6. Apr 30, 2018
    Alaskan

    Alaskan True BYH Addict

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    oh... good point....

    had that problem with my round pen.
     
  7. May 1, 2018
    jhm47

    jhm47 True BYH Addict

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    For the past couple years, I've been buying the panels made about 80 miles from here. The mfg company is called, tuffernhell, and I think they have a website. I buy the 24' panels. They weigh around 900 lbs, are stand alone, and cost $275 each. They are 6' high, with 2&7/8 inch pipe on the top and bottom. There are four upright pipes with 5 - 1" rods running through them. I now have 21 of these, and use them a lot. I needed to rebuild an older corral, and these work just fine. I could have built a wooden corral with railroad ties and heavy timbers, but with the labor involved, these were cheaper. Also, if I decide to retire someday, these will likely sell for about the same or more than I paid for them. Only drawback is that I have to use a loader to move them, but even that's OK, since I can move them out, clean under them and put them back in minutes. They have a facebook page with lots of pictures. The panels I buy are pictured loaded on the semi. You'll be hard pressed to find more rugged, well built panels anywhere. Look them up. They are great people to work with!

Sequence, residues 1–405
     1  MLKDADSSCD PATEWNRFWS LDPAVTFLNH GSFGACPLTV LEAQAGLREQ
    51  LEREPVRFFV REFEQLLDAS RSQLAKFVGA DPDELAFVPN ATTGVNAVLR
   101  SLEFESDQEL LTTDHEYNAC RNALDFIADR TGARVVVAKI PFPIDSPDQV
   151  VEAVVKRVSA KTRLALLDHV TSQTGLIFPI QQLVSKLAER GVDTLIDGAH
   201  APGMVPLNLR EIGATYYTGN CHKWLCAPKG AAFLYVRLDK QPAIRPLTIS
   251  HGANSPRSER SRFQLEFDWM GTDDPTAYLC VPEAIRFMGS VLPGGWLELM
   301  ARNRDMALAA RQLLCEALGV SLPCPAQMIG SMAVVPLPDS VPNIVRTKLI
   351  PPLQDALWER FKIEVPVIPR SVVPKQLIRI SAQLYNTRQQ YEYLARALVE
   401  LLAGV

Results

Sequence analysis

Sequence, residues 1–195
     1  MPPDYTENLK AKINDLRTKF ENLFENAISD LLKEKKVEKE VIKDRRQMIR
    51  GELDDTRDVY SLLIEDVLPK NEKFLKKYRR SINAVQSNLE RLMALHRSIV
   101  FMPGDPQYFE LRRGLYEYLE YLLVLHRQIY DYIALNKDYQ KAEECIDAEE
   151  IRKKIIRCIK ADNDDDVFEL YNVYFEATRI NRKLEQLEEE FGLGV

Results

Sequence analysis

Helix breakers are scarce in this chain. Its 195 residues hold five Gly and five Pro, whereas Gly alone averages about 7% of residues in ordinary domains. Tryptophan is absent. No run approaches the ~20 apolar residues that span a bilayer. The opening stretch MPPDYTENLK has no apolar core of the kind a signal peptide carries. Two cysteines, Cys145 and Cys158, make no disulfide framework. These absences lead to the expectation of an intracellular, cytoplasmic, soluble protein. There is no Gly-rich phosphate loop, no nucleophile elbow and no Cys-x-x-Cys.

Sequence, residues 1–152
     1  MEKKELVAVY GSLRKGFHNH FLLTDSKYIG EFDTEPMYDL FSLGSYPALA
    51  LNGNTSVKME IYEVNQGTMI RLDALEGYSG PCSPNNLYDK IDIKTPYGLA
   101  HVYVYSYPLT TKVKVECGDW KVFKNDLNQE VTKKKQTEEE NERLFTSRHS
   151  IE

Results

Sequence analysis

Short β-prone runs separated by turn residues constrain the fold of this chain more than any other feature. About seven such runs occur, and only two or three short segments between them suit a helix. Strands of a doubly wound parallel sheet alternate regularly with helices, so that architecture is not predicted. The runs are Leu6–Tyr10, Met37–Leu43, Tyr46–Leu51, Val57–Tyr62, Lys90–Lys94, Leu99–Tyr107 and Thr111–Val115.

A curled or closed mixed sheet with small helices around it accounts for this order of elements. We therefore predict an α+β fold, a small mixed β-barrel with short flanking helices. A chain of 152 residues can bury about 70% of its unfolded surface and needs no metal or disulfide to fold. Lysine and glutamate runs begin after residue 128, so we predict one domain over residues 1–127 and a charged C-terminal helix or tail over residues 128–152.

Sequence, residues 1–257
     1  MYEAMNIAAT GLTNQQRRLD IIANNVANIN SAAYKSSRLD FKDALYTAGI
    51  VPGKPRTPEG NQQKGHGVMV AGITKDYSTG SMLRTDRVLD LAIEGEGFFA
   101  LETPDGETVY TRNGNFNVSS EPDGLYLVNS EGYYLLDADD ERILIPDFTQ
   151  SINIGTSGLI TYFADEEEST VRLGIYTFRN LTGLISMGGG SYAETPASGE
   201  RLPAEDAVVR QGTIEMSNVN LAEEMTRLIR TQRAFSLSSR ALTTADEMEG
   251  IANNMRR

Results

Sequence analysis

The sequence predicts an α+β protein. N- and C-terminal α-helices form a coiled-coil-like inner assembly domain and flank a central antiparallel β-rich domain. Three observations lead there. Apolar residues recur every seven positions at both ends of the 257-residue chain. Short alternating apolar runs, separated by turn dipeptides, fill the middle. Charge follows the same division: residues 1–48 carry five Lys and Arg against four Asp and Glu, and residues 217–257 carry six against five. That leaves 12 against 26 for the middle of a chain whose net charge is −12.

Last edited: May 4, 2018
  8. May 2, 2018
    greybeard

    greybeard Herd Master

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    900 lbs per 24' is a bit more than I need here, but I do bet they last and will hold most anything.
    Their website seems to be down at the moment but I'll put the link in.
    http://www.tuffernhell.com/
     
    Alaskan likes this.
  9. May 3, 2018
    GLENMAR

    GLENMAR True BYH Addict

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    Thanks for the replays. I have a small herd. I need to be able to get them on a trailer of needed. I don't have a chute yet.
    Mine are gentile, some are semi halter broke. A few are halter broke and have been shown. I will work with them slow. I'm
    going to try the light weight panels and see what happens. I have part of one field with 3 strands of cheap electric fence and they respect that, so
    they are not too hard on equipment, yet. I'm sure they could bend them up if they wanted to.